For many in the healthcare community, spreading the message about the effectiveness and safety of flu vaccine is of the highest importance. Each flu season, public health officials and healthcare providers on the front lines make it their mission to help protect people from the sometimes fatal complications associated with the flu virus.
According to the Centers for Disease Control and Prevention (CDC), complications of flu can include bacterial pneumonia, ear infections, sinus infections, dehydration, and worsening of chronic medical conditions. So who should get a flu vaccine? Pretty much everyone! People 65 years of age and older, pregnant women, young children, and people of any age with certain chronic medical conditions such as diabetes, heart disease, asthma, chronic lung disease, neurological problems, or individuals with a compromised immune system are all at high-risk for catching the flu and are strongly encouraged to schedule an annual flu vaccine as soon as possible. A high-dose flu vaccine formulated for those aged 65 and older is also available for the upcoming flu season.
According to the CDC, the flu is a serious infection, and when combined with pneumonia, it is the eighth leading cause of death in the U.S. Flu-related deaths are almost as prevalent as deaths from AIDS or breast cancer. With the coming 2012-13 flu season, September, October and November are the recommended months to receive a flu vaccine. However, getting vaccinated later in the season can still provide protection because flu seasons often peak after January.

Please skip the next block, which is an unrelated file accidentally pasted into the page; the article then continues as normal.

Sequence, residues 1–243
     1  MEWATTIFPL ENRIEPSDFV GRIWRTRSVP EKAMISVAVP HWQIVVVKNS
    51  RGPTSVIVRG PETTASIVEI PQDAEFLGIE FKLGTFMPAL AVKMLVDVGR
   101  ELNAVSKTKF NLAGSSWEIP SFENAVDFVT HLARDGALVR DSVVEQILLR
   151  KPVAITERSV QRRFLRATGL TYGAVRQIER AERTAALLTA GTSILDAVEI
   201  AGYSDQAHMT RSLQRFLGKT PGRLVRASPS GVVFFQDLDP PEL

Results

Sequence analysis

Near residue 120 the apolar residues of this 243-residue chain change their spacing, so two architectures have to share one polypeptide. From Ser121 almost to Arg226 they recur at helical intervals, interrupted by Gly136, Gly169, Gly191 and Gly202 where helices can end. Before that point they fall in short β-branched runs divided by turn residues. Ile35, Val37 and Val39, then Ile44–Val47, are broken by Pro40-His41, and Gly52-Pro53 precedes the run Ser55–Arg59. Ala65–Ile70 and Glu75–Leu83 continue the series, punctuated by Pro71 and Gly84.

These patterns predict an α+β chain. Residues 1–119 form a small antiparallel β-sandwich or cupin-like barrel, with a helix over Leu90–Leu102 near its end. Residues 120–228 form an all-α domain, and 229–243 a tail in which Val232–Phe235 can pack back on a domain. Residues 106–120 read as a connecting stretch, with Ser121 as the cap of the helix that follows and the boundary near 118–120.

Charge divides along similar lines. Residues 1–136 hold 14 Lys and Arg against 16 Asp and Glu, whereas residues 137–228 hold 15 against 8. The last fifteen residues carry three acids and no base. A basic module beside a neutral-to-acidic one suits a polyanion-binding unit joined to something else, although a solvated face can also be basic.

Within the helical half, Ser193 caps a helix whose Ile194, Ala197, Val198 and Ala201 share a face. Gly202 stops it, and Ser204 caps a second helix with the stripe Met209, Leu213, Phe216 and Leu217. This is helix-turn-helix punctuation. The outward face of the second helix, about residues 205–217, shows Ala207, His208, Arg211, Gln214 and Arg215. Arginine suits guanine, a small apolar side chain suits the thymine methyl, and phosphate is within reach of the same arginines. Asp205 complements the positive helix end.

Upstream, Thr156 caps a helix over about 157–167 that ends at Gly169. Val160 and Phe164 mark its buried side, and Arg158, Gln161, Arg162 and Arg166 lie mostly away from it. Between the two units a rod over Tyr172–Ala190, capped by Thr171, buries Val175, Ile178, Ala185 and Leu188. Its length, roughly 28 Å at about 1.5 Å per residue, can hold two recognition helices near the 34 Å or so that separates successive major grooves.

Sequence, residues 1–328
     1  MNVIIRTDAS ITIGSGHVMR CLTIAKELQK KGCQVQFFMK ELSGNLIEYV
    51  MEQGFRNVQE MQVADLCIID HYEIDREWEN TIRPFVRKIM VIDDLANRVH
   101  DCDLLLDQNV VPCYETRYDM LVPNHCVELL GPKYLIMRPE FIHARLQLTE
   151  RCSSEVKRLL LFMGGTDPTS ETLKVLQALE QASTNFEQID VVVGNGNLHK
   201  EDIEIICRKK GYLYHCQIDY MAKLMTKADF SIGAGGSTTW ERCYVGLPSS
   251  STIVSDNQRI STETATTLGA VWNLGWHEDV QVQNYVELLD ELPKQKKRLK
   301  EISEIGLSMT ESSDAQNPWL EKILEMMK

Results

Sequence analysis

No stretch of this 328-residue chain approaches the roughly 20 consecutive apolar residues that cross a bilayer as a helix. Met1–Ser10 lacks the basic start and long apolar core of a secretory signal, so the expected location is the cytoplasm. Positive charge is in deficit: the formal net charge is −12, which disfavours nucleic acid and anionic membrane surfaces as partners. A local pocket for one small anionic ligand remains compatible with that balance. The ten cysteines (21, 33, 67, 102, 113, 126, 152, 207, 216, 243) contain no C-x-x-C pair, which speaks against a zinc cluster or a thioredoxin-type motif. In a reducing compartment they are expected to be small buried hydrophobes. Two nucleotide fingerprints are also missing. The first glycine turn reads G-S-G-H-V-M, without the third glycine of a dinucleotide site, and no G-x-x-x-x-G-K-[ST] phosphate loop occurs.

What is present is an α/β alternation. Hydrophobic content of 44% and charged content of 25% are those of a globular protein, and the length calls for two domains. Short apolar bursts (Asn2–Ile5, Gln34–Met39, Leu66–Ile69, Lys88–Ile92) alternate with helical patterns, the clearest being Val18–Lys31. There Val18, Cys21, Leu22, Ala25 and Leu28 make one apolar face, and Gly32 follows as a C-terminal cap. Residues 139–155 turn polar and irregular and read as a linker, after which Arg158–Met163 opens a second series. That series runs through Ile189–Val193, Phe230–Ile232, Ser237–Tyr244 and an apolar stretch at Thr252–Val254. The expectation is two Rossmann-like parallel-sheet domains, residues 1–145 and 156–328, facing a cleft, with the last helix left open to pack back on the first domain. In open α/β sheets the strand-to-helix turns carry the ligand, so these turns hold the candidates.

Influenza symptoms and severity can vary anywhere from a cough, sore throat and muscle aches to a fever with chills, fatigue and headaches. What you may not know is that flu is highly contagious before the onset of symptoms. According to the CDC, “Most healthy adults may be able to infect others beginning one day before symptoms develop and up to five to seven days after becoming sick.” This means that it is possible to pass along this potentially deadly virus before you even know you have it. That’s yet another reason why getting a flu vaccine is so imperative.
Getting an annual flu vaccine is the best way to stop the contagious spread of influenza. As stated by the CDC, “flu seasons are unpredictable and can be severe. Over a period of 30 years, between 1976 and 2006, estimates of flu-associated deaths in the United States range from a low of about 3,000 to a high of about 49,000 people.” With the coming 2012-13 flu season, healthcare professionals know that the flu virus is nothing to sneeze at. Influenza is a deadly virus that kills more people each year than all vaccine-preventable diseases combined; the simplest and safest way to combat statistics like this is to get vaccinated.
Last year’s flu season was mild, and often the general public is lulled into complacency thinking this year will be mild as well. Yet it was only a couple of years ago when the H1N1 flu pandemic killed thousands around the globe. The truth is it’s never good to gamble when it comes to your health. Getting your annual flu vaccine will protect you, your loved ones and your work mates. For more information on seasonal flu and flu vaccine, contact your healthcare provider today.